Competitor Density and Size Effects on Aggression and Feeding in Cutthroat Trout: Implications for Aquaculture
Matthew M. Wipf1, Michael E. Barnes2, *
Identifiers and Pagination:Year: 2011
First Page: 62
Last Page: 66
Publisher Id: TOFISHSJ-4-62
Article History:Received Date: 24/05/2011
Revision Received Date: 21/06/2011
Acceptance Date: 21/06/2011
Electronic publication date: 20/9/2011
Collection year: 2011
open-access license: This is an open access article distributed under the terms of the Creative Commons Attribution 4.0 International Public License (CC-BY 4.0), a copy of which is available at: (https://creativecommons.org/licenses/by/4.0/legalcode). This license permits unrestricted use, distribution, and reproduction in any medium, provided the original author and source are credited.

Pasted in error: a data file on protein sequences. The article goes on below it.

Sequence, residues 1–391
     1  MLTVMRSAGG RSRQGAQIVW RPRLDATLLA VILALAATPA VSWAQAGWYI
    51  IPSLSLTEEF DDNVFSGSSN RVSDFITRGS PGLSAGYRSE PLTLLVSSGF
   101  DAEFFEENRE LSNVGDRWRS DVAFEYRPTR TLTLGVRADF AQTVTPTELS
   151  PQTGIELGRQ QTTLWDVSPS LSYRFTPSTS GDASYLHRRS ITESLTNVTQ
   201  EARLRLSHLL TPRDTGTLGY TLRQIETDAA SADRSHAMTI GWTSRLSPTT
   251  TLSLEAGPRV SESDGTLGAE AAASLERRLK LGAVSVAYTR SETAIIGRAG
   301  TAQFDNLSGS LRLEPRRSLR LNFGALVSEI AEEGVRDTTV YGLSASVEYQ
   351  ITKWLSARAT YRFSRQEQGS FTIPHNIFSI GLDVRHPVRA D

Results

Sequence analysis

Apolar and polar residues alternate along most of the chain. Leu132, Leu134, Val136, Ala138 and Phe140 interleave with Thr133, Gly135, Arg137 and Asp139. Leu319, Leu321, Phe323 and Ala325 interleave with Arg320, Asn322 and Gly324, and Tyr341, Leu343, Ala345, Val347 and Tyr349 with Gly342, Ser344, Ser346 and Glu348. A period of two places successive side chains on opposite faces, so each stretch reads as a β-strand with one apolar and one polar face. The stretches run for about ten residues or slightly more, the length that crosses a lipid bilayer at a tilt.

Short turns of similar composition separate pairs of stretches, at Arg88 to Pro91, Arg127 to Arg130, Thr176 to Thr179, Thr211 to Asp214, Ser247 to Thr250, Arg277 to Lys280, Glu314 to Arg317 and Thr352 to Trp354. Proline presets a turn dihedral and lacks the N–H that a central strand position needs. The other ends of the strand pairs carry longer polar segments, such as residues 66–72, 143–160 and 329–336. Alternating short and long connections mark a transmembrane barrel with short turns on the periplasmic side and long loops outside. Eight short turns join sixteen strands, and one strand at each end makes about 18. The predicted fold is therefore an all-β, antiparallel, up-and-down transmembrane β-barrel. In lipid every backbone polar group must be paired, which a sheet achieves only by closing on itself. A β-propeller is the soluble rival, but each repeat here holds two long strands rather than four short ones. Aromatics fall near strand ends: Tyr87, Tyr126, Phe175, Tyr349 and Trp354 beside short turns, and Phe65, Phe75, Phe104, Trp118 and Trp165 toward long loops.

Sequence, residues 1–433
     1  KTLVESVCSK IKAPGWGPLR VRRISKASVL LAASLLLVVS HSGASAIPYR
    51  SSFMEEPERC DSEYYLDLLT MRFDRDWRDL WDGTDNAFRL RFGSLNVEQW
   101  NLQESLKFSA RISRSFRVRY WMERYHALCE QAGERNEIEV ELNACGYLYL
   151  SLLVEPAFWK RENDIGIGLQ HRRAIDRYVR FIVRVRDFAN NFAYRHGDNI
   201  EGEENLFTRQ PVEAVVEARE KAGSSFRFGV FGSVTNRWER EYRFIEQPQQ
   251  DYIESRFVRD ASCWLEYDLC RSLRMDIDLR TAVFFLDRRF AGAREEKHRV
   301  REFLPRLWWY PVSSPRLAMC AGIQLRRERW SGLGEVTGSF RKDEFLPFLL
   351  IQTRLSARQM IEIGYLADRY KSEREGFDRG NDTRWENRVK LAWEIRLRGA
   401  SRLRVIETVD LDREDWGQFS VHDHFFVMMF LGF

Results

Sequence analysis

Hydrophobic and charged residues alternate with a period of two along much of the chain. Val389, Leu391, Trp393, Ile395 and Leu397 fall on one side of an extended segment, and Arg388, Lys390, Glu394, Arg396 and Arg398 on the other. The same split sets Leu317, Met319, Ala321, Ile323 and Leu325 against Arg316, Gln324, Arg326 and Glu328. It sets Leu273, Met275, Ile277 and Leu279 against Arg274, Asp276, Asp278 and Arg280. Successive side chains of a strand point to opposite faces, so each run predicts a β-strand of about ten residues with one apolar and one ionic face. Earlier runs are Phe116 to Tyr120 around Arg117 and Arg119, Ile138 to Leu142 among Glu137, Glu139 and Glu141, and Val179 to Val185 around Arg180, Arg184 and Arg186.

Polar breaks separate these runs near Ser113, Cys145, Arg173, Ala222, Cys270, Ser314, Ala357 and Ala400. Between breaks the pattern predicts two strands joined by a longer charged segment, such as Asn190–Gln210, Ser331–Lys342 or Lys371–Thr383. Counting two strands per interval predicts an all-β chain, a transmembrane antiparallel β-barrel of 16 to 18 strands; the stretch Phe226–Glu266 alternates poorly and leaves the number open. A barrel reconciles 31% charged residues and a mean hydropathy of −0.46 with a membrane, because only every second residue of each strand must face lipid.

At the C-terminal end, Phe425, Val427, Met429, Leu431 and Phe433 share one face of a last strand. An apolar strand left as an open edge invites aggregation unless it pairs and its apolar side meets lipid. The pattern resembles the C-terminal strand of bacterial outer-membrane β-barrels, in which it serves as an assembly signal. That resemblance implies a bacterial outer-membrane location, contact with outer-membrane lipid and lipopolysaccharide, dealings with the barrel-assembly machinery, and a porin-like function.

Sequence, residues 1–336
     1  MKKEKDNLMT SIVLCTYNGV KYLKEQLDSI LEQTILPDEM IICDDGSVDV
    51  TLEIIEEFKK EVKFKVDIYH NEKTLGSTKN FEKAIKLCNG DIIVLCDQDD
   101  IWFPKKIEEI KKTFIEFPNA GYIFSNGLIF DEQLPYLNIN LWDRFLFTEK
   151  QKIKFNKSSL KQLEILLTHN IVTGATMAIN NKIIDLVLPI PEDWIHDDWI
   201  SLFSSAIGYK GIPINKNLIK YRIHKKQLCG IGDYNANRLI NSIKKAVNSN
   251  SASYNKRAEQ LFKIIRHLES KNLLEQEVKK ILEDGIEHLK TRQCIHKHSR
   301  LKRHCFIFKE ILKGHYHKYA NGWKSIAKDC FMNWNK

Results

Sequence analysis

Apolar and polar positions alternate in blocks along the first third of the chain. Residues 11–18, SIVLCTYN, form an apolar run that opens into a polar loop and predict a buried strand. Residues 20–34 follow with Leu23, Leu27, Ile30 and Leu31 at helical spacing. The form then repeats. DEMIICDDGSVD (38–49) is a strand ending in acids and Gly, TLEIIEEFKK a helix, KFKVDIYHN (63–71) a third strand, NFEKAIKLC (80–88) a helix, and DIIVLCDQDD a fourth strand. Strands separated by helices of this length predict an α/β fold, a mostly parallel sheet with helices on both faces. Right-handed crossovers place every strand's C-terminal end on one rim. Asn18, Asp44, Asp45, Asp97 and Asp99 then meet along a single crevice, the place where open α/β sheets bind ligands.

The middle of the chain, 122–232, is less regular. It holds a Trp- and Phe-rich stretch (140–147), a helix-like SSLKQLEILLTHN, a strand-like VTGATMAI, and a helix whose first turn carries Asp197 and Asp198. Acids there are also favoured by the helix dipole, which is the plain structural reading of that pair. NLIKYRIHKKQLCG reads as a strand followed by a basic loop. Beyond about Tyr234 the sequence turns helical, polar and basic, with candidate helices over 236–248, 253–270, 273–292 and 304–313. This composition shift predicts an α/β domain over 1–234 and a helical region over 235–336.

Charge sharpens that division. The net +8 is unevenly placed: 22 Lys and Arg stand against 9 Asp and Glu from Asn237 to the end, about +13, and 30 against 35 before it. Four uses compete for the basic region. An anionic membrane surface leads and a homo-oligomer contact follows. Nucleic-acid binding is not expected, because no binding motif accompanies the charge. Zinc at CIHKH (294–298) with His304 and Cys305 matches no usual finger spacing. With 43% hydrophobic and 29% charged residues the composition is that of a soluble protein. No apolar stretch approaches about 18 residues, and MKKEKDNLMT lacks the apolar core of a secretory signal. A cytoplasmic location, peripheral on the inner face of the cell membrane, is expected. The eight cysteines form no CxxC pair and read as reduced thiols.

Competitor density and aggressive behavior influences the ability of fish to use food resources during aquaculture production. Using cutthroat trout Oncorhynchus clarkii (Richardson) from the same filial generation, this study investigated the effects of both body size and rearing density on aggression and feeding behavior. Four experiments were conducted using different numbers of both small and large trout obtained after grading. In each experiment, regardless of the number of each size of fish, small fish made significantly fewer attempts to forage in comparison to large fish. However, the number of aggressive interactions increased as small fish densities increased. These results suggest that grading and rearing differently-sized fish separately during rearing will likely maximize growth and rearing efficiencies in wild-strain cutthroat trout during hatchery rearing.